Mac is Back

Get ready hombres... there's a new Unix in town, and its name is Mac OS X. Actually, if you haven't been living under a rock for the past year or so (which is something I'm sometimes accused of, by the way), then you probably already know that Apple's new Mac OS X may be all eye-candy outside, but it's mostly good ol' FreeBSD Unix under the hood.

PUBLISHER’S STATEMENT

Mac Is Back

by Adam Goodman

Get ready hombres… there’s a new Unix in town, and its name is Mac OS X. Actually, if you haven’t been living under a rock for the past year or so (which is something I’m sometimes accused of, by the way), then you probably already know that Apple’s new Mac OS X may be all eye-candy outside, but it’s mostly good ol’ FreeBSD Unix under the hood.

“Okay,” you say. “We know that already. That’s not news. Why are you telling this to us now?” Good question. Here’s the answer: for the past several months, members of our editorial team have been meeting with some of the people on Apple’s Mac OS X team, and we’ve been continually blown away by everything we’ve learned and seen.

The bottom line is this: when it comes to Open Source, Apple really “gets it.”

Everyone we’ve met with has expressed a sincere interest in getting Apple much more involved in the Open Source community. And they’re not just paying lip service; they’re hiring boatloads of people directly from the community and letting them take the reins. For example, Jordan Hubbard, formerly with the FreeBSD project, is now an Apple employee. And Apple is not exclusively hiring BSD folks, either. They’re snatching up people left and right from Linux companies that hit a dead end after the VC bubble burst. One of those is Eazel (a company that attempted to bring the Linux desktop to the mass market), which has yielded two executives for Apple in Bud Tribble and Brian Croll. Even more interesting is the fact that both Bud and Brian have worked for Sun Microsystems in the past. So it’s clear that Apple is creating a unique strain of hybrid commercial / Open Source Unix DNA within the Mac OS X team.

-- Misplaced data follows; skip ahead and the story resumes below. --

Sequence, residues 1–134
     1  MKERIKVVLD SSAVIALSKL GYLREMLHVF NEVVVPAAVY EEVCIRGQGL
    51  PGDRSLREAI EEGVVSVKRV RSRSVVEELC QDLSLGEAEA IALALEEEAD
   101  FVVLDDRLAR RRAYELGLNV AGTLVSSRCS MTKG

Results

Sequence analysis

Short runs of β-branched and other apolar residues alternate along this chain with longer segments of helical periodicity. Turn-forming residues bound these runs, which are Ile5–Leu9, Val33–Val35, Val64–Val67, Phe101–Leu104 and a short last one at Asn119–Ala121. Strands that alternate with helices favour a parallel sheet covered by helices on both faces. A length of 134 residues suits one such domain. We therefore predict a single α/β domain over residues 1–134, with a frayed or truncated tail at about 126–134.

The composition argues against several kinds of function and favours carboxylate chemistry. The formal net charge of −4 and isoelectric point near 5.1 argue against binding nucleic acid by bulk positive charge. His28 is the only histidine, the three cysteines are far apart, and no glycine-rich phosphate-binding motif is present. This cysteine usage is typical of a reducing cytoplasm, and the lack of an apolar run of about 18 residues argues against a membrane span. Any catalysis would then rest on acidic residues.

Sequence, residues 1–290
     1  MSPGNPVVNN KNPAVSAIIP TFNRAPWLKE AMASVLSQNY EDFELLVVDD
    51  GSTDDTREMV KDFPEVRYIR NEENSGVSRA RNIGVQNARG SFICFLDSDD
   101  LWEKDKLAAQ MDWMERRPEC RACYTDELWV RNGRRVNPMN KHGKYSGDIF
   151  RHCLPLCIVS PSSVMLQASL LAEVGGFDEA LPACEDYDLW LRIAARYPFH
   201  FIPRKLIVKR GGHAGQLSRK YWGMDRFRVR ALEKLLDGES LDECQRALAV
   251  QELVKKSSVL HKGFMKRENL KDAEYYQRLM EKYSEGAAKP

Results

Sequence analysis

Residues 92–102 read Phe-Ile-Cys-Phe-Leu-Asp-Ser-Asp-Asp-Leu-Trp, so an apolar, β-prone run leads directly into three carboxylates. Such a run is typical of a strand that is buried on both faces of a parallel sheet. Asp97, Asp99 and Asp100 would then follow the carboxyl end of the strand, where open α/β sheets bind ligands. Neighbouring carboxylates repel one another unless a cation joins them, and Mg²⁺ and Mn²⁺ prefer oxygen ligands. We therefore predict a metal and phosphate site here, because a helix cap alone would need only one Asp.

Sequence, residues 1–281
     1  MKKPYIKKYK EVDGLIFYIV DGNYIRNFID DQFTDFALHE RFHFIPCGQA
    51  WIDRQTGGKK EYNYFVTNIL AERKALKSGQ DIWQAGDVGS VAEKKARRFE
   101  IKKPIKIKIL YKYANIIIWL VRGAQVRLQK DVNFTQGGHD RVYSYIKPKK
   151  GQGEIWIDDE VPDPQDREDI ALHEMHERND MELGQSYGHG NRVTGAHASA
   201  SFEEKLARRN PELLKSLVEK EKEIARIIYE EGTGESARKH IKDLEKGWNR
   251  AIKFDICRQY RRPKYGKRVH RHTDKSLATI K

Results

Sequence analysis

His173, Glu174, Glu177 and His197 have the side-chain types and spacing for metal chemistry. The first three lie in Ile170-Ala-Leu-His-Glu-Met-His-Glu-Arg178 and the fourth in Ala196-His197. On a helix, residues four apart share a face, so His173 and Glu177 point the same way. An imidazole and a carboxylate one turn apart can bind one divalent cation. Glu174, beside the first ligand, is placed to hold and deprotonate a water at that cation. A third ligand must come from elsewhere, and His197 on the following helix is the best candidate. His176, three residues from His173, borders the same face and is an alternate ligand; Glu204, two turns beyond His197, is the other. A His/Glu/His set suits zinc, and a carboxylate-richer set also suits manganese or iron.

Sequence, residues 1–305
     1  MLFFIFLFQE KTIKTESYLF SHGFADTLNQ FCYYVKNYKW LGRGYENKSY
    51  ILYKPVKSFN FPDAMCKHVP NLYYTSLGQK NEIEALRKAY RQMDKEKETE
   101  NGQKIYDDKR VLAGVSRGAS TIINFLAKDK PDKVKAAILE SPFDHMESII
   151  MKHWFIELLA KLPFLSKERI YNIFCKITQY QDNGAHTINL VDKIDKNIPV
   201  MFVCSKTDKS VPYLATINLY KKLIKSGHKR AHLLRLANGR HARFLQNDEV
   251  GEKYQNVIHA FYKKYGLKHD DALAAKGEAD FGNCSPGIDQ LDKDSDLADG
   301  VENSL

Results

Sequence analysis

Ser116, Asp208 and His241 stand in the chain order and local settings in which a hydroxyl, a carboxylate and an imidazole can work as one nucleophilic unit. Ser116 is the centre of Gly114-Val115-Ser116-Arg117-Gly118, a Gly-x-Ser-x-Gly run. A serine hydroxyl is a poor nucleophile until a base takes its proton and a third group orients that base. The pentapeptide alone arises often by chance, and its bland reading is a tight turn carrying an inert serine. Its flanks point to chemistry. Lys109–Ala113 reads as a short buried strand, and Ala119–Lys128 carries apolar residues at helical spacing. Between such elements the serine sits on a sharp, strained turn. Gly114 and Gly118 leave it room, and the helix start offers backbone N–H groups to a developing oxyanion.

“This is all well and good, but what’s it got to do with Linux?” you’re asking. A lot, actually. While one could make a good case that a desktop Linux market might emerge “real soon now,” it doesn’t appear to be happening at the moment. Meanwhile, the Mac is a well-established desktop platform, and it’s now a super-fertile breeding ground for developing new Open Source projects as well. Open Source developers have been flocking to Mac OS X because it’s a great environment to work in. I’m certain that a lot of the software they’re hacking away at on Mac OS X will likely end up being deployed on a Linux box somewhere, since not many organizations are using Apple hardware for server applications.

The implications of having a standard Open Source Unix on the desktop, Linux on the server, and Open Source applications being developed and deployed on top of both are really quite staggering, but we’ll leave that discussion for another day. Don’t worry, though, you’ll be hearing a lot more from us about Mac OS X in the not-too-distant future. For now, please check out our review of Apple’s Titanium notebook running Mac OS X (pg. 10).

We’re interested in hearing your thoughts on all of this. Some questions I’ve got are: How many of you have tried Mac OS X already, or are running it right now? What has your experience with it been like, and has it changed your views on Open Source, Linux, and Unix? I’m really curious to find out. Please send me your opinion of Mac OS X or speak your mind by sending mail to editors@linux-mag.com.

See you next month,


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Adam M. Goodman


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Linux Magazine /
June 2002 / PUBLISHER’S STATEMENT
Mac Is Back





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